Tax Data Series

Real, Public Utility Property Tax

Real Estate and Public Utility Property Taxes
Gross Taxes Levied, Taxes Charged, and Value of Property by Class of Property and County, Calendar Year 1989 (1990 Collections)

The gross amount of Ohio's real estate and public utility tangible personal property taxes reported on abstracts filed by the county auditors was $6,503.9 million. Taxes charged on all real estate and on public utility tangible property by all local governments in Ohio for calendar year 1989 (1990 collection) were $5,025.8 million on a total assessed value of $98,864.6 million.

Cuyahoga County maintains the highest total values and taxes (levied and charged). Vinton County holds the lowest real property values and taxes while Paulding County has the lowest public utility tangible personal property values and taxes. Several counties showed large increases from 1988 in the public utility tangible personal property values and taxes. The main source of these increases were due to a valuation distribution from the Perry Nuclear Power plant (Lake County) to counties for the 1989 tax year.

Lake County had the largest dollar increase in total value from tax year 1988 to 1989 at $495.1 million (14.1 percent) while Paulding County had the largest dollar decrease at $17.7 million (0.5 percent). Hamilton and Cuyahoga Counties had the highest increases in total taxes levied and charged at $51.0 million and $53.3 million, respectively.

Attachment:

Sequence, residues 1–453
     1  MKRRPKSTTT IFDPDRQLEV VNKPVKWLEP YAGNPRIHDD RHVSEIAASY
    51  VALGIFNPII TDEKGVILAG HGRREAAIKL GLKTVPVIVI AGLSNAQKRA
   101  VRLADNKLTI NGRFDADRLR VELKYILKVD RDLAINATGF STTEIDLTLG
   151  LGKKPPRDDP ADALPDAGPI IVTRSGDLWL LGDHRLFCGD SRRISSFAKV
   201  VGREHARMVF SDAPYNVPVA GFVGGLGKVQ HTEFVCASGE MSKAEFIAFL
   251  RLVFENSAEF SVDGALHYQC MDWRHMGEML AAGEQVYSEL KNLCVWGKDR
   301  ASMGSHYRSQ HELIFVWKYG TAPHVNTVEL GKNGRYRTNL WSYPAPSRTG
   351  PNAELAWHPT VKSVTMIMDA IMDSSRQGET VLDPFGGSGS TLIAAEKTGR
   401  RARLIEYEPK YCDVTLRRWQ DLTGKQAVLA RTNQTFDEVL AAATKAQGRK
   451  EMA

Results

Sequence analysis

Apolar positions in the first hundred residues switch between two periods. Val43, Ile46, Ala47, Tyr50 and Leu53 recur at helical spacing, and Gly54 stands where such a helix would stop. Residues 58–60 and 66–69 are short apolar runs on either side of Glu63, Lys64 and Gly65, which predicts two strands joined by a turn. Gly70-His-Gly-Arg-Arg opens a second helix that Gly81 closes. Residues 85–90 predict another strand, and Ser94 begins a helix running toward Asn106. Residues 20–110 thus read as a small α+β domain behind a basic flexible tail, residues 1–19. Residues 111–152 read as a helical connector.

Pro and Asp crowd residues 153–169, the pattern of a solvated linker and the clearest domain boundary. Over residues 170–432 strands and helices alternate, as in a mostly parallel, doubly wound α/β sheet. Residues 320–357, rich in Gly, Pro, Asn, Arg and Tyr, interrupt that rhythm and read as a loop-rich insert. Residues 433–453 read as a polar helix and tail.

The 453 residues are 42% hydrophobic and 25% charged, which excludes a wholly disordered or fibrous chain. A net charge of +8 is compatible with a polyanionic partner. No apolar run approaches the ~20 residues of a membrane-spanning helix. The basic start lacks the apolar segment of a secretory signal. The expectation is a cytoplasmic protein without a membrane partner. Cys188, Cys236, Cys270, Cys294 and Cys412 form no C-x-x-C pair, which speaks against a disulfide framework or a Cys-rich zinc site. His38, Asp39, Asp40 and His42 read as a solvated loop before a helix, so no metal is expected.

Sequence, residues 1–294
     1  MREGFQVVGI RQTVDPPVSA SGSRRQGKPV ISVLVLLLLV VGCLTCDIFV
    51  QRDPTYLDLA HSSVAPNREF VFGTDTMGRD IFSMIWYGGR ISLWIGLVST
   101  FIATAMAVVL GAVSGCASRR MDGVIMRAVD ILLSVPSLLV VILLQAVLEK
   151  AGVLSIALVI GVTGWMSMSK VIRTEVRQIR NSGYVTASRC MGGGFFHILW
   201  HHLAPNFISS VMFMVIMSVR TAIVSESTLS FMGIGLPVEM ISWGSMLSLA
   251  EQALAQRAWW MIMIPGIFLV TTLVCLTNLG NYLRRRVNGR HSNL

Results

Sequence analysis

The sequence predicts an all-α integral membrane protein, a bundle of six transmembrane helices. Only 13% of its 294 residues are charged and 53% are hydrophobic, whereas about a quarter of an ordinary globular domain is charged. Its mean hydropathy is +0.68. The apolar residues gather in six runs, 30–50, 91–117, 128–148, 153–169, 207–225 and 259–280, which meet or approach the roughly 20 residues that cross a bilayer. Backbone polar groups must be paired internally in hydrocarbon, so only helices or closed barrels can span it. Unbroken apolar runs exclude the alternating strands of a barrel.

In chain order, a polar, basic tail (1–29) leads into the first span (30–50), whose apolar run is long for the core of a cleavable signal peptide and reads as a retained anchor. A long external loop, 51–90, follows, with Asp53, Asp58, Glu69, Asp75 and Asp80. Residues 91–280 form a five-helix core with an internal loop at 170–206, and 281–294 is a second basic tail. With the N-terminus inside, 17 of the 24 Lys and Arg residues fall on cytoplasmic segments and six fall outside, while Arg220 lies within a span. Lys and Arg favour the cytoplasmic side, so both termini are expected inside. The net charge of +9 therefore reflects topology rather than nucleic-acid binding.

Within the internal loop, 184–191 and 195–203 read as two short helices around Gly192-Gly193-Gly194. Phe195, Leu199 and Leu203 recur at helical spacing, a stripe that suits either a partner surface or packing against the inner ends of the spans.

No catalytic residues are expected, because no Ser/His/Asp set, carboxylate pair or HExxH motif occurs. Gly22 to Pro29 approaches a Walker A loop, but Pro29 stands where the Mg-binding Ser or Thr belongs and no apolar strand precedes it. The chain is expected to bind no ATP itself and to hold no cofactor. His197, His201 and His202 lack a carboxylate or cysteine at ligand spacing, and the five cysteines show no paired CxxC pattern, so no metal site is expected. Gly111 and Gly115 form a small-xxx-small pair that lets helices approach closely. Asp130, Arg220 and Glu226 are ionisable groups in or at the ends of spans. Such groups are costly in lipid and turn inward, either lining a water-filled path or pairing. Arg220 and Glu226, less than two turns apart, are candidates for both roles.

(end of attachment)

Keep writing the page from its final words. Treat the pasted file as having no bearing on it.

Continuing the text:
Percentage reductions required by Section 319.301 of the Ohio Revised Code were applied to the gross amount to get the net figure for taxes charged.

Seperate percentage reductions were applied to two classes of real property: the combined value of residential and agricultural property and the combined value of commercial, industrial, mineral, and public utility property. The tax reduction factors are calculated to eliminate the effect of increases in the valuation of existing real property in a taxing unit (school district, county, municipality, etc.) on voted taxes. As shown on the attached table, these percentage tax reductions do not apply to public utility tangible personal property taxes. The "taxes charged" figure is prior to any reduction of real estate taxes resulting from the 10 percent rollback for all real property, 2.5 percent rollback for residential real property, or homestead exemption. These reductions are fully reimbursed to local governments from the State General Revenue Fund.

The figures were taken from abstracts filed with the Ohio Department of Taxation.